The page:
By Austin Coates, WFU JD Candidate ’22
About mid-day on a Tuesday, Mera sat on a bench, weary and tired, yet relieved. She’d been up late the night before, studying for her computer science final exam into the morning hours. A senior in college now, it was the last final exam she would take as a student. As she sat on the bench, she couldn’t help but be proud of herself. The first in her family to go to college, she’d worked tirelessly to get to this point. She held a 3.89 GPA, would graduate at the top of her class, and had a job lined up with a leading ancestry analysis company, Family Tree, as a biometrics analyst. She knew very little about her own family history and was fascinated by the opportunity to work at Family Tree while learning more about her ancestors. She would start the following Monday; her dreams realized and the world ahead of her. But for now, at least, it was time to celebrate.
Continue reading “Mirrored”
by Darrien Jones, WFU JD Candidate ’22
I. BLACK BOY
Black Boy has grown up in Over The Rhine, a small stretch of a booming city, Cincinnati. Over the Rhine, or as people call it now, “OTR,” is the “place to be”, the crowd is the youngest it has ever been, the restaurants that now line the streets are all between four and five stars, and the bars that accompany them are known for their local cocktail mixes. The crime has fallen to a minimal level, down from its top 25 ranking in “America’s Most Dangerous Cities,” and you can park without worry as you go to the Reds or Bengals game. Yet, as you come back to your car, you know to go towards Mason or Liberty Township, two of the biggest suburbs where most of OTR’s weekend visitors come from. You would not dare go past “The Wall.” Now, The Wall is not to be confused with a physical wall or any type of fencing. The Wall is where the city’s gentrification has stopped, maybe for only a month or a year as they continue to push Black people out of the area, but for now it has stopped. The construction certainly hasn’t, but the evictions, for some time, have taken respite. The difference between “good OTR” and “bad OTR” is so stark. One minute you are driving past The Eagle and Taste of Belgium, two “staple” expensive restaurants in the city, and drunk white college students and young professionals on paddle pubs. The next minute, you are in a territory of homelessness, dilapidated and vacant buildings, graffiti everywhere, and trash unattended. It is a different city beyond The Wall, and this is where Black Boy lives.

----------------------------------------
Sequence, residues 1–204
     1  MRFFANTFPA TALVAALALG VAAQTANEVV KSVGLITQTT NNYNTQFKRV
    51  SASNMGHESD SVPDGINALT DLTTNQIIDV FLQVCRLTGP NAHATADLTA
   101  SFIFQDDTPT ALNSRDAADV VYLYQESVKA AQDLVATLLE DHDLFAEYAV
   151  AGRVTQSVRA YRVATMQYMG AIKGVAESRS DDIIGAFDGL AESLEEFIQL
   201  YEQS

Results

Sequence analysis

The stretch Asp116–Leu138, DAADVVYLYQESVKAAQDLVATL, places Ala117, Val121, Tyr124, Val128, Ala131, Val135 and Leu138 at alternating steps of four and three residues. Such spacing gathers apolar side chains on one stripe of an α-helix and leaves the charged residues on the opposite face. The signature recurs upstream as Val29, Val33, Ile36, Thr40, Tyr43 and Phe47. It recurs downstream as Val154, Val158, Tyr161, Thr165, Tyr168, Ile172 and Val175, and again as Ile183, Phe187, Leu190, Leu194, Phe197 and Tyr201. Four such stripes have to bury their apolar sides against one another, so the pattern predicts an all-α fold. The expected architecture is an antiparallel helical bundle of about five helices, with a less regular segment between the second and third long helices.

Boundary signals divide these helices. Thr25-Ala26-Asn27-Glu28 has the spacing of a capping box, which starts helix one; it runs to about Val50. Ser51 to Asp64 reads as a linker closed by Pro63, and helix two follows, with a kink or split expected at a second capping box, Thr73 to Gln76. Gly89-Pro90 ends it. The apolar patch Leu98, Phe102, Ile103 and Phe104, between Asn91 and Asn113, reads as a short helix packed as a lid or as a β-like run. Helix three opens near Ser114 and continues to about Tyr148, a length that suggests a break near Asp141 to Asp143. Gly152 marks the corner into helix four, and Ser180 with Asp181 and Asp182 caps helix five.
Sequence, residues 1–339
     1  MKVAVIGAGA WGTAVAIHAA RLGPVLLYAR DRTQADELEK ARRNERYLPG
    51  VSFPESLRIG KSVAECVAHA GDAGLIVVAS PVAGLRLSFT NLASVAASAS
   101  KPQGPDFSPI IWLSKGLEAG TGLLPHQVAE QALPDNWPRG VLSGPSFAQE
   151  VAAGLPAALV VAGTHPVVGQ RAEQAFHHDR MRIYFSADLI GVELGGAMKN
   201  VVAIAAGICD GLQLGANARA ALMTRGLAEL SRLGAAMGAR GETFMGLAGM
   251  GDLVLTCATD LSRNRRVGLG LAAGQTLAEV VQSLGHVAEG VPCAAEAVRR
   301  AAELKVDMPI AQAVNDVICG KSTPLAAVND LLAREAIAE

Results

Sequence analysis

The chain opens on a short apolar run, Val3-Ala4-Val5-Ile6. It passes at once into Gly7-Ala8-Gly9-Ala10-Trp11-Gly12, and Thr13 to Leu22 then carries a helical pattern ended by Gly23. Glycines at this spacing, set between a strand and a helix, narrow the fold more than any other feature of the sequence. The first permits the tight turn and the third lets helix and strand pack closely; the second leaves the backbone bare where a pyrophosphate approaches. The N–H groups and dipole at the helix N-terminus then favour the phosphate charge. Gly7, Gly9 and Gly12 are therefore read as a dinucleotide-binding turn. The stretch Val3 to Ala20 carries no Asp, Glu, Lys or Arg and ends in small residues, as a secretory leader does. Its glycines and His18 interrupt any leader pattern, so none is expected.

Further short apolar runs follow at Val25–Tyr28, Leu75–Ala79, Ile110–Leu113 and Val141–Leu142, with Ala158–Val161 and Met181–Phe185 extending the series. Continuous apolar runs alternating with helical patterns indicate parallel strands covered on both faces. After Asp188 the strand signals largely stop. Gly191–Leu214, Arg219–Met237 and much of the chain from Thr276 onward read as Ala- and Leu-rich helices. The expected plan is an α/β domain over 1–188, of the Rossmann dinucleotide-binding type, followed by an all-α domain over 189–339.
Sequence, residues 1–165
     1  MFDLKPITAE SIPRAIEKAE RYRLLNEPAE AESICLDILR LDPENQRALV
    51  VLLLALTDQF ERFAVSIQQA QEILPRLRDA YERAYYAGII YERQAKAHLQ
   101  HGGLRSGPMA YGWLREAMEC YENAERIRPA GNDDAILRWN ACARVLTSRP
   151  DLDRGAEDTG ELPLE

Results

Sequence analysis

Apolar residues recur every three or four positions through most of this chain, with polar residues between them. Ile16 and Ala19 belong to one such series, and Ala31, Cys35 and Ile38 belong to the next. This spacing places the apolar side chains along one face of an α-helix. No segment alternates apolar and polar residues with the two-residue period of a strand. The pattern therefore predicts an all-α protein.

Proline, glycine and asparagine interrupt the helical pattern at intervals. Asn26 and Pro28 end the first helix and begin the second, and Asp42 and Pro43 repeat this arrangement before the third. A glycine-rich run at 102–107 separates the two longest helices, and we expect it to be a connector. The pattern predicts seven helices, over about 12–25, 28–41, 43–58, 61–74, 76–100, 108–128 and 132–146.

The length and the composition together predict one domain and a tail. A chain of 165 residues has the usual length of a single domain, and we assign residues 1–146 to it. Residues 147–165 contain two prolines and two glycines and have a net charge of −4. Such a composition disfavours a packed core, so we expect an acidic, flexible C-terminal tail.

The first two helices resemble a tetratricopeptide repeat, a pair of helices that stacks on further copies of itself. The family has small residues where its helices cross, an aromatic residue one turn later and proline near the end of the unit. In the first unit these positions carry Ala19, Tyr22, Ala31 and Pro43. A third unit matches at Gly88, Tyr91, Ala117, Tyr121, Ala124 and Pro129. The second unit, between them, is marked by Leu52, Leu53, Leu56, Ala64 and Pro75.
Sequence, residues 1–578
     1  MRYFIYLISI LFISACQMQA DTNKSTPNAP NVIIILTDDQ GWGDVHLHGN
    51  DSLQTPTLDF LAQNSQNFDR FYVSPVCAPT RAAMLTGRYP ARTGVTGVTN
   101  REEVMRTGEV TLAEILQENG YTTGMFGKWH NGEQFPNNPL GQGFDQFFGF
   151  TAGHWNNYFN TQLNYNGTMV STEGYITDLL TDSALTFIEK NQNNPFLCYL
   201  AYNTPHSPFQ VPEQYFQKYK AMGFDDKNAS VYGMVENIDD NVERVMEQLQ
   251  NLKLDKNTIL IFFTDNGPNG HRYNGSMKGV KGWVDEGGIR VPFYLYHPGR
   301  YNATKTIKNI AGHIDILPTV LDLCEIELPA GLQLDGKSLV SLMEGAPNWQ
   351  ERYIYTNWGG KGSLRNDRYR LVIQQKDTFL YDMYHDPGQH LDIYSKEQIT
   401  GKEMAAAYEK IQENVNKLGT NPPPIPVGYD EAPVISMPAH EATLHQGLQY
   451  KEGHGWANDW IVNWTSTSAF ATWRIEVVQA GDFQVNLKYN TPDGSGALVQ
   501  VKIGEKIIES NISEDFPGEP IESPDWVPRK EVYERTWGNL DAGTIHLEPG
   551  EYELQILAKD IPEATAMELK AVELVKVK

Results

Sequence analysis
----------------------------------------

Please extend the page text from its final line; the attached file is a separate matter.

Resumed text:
Continue reading “Three Black Stories”
by Kristen Kovach, WFU JD Candidate ’21
Michael opened his email on a dreary Tuesday morning. Casually scrolling through the spam messages between sips of coffee, his eyes paused on one message sent to him in the early hours of the morning. “I think your brother is dead,” the subject line read.
Michael froze. His heart pounded in his chest. Sweat beaded on his forehead and dampened his palms. His brother, Todd, had been in prison for drug possession since 2018. The brothers had not spoken in a while. But that’s because it’s just hard to get in contact with prisoners, Michael thought. There’s no way he’s dead.
The email came from his brother’s cellmate, Greg, who said that Michael’s brother had been sick for a while. Todd had been coughing terribly, complaining that his chest hurt, and suffering from a bad fever. Todd thought he had COVID. Two weeks ago, the medics came for Todd. Yesterday, the guards came for Todd’s belongings. Todd never came back.
Continue reading “COVID-19 Has Laid Bare Our Inhumane Treatment of Incarcerated People and Their Families”